What Can you Do?

Family Therapy

Should your loved one come to the place of entering residential rehab, a good program will offer some form of Family Therapy. While family therapy can happen outside treatment, it can be more problematic if a person is in active addiction or has little support.

If all members of the family can develop skills to deal with what is going on in the relationships around them, the person struggling will have a much better chance of getting well. Family Therapy is not about blame, it is about taking responsibility for one’s part in the problem.

Read more on Family Therapy here or call some of the support lines below for more information.

Find a counsellor

It is invaluable to have your own person to talk to who is not personally connected to the problem. It is helpful to find a therapist who understands and works with families and addiction. Therapy is one of the most common supports and can be delivered in person, over the phone or online. It can take many different forms such as talking about your problems, changing your thinking patterns, or planning how to manage difficult situations. Counselling can be short term or ongoing.

Peer Support Meetings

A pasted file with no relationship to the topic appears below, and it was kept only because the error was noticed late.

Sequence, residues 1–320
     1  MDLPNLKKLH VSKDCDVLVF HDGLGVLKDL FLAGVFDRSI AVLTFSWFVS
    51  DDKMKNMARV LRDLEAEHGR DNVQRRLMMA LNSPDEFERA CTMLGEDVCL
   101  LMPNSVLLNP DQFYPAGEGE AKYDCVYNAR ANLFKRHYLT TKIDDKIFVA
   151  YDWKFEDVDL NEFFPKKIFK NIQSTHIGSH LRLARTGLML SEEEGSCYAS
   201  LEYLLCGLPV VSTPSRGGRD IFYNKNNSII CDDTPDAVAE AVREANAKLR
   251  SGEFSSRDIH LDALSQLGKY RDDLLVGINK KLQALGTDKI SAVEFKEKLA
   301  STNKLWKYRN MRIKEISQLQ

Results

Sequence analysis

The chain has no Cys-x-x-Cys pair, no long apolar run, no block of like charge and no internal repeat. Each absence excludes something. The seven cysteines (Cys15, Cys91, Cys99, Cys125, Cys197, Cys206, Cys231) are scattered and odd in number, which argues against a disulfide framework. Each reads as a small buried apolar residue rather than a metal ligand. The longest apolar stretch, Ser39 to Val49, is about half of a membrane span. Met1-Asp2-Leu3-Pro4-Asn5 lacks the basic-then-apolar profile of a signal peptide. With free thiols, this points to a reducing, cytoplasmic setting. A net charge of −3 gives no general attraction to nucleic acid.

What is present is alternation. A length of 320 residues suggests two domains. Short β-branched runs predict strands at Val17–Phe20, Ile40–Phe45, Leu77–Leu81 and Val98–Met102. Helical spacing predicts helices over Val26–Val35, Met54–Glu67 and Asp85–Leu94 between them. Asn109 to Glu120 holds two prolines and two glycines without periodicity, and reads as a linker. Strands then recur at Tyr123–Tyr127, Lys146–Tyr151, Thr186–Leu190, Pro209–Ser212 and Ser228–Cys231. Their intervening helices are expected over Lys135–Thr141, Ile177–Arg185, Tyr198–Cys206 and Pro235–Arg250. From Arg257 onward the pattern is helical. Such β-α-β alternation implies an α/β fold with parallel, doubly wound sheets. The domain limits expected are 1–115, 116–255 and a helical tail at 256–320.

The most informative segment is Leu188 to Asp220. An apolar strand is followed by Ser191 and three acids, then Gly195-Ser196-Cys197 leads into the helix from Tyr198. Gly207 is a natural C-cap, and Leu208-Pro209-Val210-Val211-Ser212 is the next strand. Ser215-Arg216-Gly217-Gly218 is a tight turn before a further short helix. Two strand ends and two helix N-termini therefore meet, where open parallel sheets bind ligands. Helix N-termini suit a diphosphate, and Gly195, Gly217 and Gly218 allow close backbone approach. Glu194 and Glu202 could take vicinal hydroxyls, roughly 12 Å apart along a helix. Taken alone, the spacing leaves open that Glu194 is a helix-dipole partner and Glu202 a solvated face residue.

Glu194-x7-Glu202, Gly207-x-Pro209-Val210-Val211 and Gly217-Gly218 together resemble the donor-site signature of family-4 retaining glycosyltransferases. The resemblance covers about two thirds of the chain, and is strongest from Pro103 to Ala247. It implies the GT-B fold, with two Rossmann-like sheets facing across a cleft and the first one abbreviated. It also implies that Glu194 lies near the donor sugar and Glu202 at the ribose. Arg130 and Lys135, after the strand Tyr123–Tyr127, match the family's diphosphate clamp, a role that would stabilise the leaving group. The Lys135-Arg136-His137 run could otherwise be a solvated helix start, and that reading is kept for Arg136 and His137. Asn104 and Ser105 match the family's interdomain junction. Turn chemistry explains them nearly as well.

We recommend you look at ALANON or CODA. Both are a supportive and safe environment for families and loved ones of people struggling with addictions, disorders, and other co-occurring conditions.

Helpful Content

There are also some truly inspiring stories and information available via TedX, YouTube and other media platforms.

Here are a select few to help you understand yourself and your family member:

The Power of Addiction by Gabor Mate
Everything you think you know about addiction is wrong
8 Signs you may be Codependent

Or you may like to take a look at some of our other articles

Who is rehab for?
Am I over involved in a loved ones addiction?
What are the options for inpatient treatment

“Byron Private is a life saving facility. There was nothing in New Zealand that could offer us a therapy program for our daughter. The options were hospital and a medication regime, now we have hope of recovery. Byron Private is caring and treats the person not the disease. Thank you Byron Private” Patricia- Family Member

Other Online / Phone Support Services

Turning Point – Clinical care and support, 24/7 online counselling. Call 1800 888 236
The Alcohol and Drug Foundation, has wide ranging resources and options
Healthline – Resources of online communities
Family Drug Support (FDS): 1300 368 186 (available 24/7)
Counselling Online (24/7)
Mensline Australia: 1300 78 99 78 (24hrs)
Relationships Australia: 1300 364 277
Lifeline: 13 11 14
Beyond Blue: 1300 22 4636

Byron Private offers an effective pathway to recovery for those living with post-traumatic stress disorder (PTSD) and other common challenges such as addictions and mental health. If you or someone you love is struggling, please reach out to our clinical team for a confidential discussion on 02 6684 4145 or via our online contact form.